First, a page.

Remote meetings are crucial for keeping the hybrid team aligned and connected. Use this agenda template for running a productive remote team meeting.
Kick off the meeting with icebreaker questions or simple activities.
How do you spend your weekends?
The managers share company announcements or changes that should be known to all.
Members update on their work and statistics.
Are there any blockers that hinder the project's progress? Let’s discuss them and come up with solutions.
What is the priority work for the next week/month?
End the meeting with clear action items.
@name Task by DUE-DATE
In a world where remote work is gradually becoming the new normal, regular remote team meetings are the secret to maintaining a highly productive team.
While these meetings are instrumental to team cohesion, goal alignment, and project coordination for a distributed workforce, they quickly drain time and productivity when ill-managed. That's where a remote team meeting agenda comes to play.
Every meeting must have an agenda set beforehand, especially if you manage a widely distributed team.
There's no rocket science in creating an agenda for your hybrid and remote meetings. Creating one simply means giving direction for your meeting before it starts. That way, you can eliminate all distractions and inessentials that plague most virtual meetings.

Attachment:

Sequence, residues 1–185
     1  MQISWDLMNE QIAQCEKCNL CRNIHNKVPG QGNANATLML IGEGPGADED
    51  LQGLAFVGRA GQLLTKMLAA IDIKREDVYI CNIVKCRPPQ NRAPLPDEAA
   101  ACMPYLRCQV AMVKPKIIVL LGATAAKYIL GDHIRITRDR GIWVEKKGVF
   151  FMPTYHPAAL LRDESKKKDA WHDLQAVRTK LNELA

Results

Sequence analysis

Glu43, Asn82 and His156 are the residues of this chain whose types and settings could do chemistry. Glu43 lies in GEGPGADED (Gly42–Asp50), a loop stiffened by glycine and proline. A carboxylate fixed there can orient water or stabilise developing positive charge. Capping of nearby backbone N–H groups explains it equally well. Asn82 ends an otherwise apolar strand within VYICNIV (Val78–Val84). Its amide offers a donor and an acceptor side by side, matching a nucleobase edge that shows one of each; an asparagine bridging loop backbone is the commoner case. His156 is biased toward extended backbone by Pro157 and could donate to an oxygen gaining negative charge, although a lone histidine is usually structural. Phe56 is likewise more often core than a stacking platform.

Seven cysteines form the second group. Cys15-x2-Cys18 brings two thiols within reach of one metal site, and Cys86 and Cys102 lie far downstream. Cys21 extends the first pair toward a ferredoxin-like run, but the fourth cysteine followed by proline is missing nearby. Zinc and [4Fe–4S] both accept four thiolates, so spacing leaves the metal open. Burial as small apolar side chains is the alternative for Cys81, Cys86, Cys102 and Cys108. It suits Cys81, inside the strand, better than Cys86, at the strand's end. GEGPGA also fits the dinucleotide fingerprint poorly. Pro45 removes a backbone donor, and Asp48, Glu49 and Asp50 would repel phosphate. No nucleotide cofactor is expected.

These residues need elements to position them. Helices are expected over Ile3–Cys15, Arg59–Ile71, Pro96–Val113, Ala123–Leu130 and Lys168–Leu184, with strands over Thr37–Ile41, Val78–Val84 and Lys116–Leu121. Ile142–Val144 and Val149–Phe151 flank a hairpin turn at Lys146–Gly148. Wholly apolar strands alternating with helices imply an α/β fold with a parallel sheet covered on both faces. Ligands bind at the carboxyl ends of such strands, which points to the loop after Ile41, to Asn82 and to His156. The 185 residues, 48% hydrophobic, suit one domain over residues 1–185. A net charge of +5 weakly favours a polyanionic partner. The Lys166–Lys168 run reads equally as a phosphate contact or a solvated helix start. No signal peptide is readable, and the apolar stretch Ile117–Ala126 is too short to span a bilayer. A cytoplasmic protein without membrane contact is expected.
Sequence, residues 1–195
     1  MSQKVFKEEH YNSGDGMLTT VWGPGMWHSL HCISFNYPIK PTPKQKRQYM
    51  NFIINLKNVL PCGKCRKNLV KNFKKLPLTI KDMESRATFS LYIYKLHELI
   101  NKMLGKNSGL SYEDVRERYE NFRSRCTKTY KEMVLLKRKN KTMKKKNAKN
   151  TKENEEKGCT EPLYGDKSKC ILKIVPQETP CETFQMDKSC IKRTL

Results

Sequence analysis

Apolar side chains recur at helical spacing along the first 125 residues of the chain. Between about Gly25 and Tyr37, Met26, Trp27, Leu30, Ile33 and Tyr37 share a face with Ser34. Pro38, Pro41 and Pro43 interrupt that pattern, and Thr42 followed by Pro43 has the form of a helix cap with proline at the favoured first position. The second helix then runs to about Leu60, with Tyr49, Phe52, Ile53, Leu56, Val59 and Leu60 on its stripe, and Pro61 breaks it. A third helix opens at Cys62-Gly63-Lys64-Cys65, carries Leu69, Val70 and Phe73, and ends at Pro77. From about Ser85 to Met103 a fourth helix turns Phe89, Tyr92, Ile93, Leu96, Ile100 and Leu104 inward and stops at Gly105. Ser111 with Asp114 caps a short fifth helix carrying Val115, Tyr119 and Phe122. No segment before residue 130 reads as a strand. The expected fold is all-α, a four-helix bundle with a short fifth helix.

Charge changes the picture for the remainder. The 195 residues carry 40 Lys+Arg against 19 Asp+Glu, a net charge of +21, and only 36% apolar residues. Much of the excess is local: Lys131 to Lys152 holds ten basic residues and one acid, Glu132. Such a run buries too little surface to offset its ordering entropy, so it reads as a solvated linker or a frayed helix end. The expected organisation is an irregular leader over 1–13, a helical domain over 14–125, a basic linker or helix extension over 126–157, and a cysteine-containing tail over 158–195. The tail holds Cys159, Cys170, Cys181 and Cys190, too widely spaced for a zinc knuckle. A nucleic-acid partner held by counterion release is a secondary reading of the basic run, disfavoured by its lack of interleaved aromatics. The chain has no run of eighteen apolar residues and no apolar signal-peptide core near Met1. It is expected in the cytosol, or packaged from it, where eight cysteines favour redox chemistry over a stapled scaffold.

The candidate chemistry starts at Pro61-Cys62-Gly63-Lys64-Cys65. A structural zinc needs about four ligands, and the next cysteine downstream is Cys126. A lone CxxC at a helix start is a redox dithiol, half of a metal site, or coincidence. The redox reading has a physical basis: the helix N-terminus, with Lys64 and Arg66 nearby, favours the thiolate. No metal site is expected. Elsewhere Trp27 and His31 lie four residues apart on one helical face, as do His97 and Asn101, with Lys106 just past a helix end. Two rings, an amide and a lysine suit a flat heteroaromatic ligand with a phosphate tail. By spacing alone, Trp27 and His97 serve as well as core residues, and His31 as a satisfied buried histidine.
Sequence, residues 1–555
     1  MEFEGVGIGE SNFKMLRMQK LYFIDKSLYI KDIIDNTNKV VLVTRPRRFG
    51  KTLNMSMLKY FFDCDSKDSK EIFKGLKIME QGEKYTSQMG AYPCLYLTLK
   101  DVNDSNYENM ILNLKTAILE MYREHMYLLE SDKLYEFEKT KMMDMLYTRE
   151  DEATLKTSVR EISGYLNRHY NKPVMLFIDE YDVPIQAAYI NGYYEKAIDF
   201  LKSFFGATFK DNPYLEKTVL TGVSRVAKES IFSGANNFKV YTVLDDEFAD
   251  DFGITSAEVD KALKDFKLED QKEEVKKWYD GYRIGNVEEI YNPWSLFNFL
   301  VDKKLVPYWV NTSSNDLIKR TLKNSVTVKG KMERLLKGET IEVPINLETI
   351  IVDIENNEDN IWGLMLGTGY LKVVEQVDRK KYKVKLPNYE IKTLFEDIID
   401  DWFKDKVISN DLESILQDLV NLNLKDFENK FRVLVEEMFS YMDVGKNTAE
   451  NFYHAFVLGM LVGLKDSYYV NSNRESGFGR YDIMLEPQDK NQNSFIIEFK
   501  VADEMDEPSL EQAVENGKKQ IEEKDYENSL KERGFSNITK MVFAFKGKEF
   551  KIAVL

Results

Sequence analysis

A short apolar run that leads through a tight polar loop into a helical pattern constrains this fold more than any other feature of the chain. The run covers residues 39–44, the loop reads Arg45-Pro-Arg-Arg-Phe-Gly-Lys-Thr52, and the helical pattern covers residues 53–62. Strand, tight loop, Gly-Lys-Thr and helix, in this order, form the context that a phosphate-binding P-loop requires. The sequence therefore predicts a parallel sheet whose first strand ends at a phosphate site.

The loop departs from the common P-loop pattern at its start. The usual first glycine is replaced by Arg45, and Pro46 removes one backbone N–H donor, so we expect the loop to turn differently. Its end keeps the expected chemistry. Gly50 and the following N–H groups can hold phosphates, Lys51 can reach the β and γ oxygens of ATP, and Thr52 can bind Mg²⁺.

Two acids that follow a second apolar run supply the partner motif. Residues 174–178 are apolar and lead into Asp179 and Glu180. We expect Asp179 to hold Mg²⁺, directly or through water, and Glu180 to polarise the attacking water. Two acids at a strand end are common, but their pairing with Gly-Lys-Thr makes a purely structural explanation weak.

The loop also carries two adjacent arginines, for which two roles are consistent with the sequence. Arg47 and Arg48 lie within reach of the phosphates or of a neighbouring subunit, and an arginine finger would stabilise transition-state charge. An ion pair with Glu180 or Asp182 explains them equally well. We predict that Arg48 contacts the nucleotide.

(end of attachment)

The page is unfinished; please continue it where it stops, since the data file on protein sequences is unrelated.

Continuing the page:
A remote team meeting agenda should highlight the following：
Meeting's date, time, duration, and location
Supporting documents, if any
These are what form the basics of an effective meeting agenda. Now let’s look at how to create one closely.
You won't start a journey without a destination in mind. Only start a remote meeting with a straight set of objectives. You will understand this better if you've ever attended a meeting where you spend the first 20 minutes figuring out what to discuss.
Your meeting objectives will guide you to what the meeting discussion will be. Are you meeting to discuss the last project feedback from the client? Are you discussing last quarter's financial report? Or is it a recurring weekly team meeting?
After determining the objectives of your remote team meeting, the next thing is to highlight a set of topics to give your discussion a streamlined scope. While objectives are your final destination, topics are the roadmap to get you there.
Similarly, defining a set of topics gives everyone in attendance the needed headstart on what to contribute to the meeting in advance. And since you have a destination in sight, you’ll quickly identify when the meeting objectives have been achieved and when to call it a close.
Once the remote meeting agenda is drafted, share it with other attendees, which not only informs them what will be discussed but also let them prepare in advance.
Now that you’ve learned what a remote team meeting agenda means, its importance and how to create one, here are some tips for running effective remote team meetings;
When it comes to remote meetings, the best mentality to adopt is “less is more”.
All too often, meeting-happy managers call for remote meetings for the most trivial of issues, which often could have been an email or phone call.
There's a thin line between an effective meeting and when your meeting becomes a sheer time-wasting event. Before organizing a remote meeting, ask yourself if the meeting is necessary.
Think of other ways to get over the issue and only resort to meeting as your last option. If you are just looking for information. Consider sending an email or chatting up concerned team members. You can take it further by recording a short video message with the details of the information you need.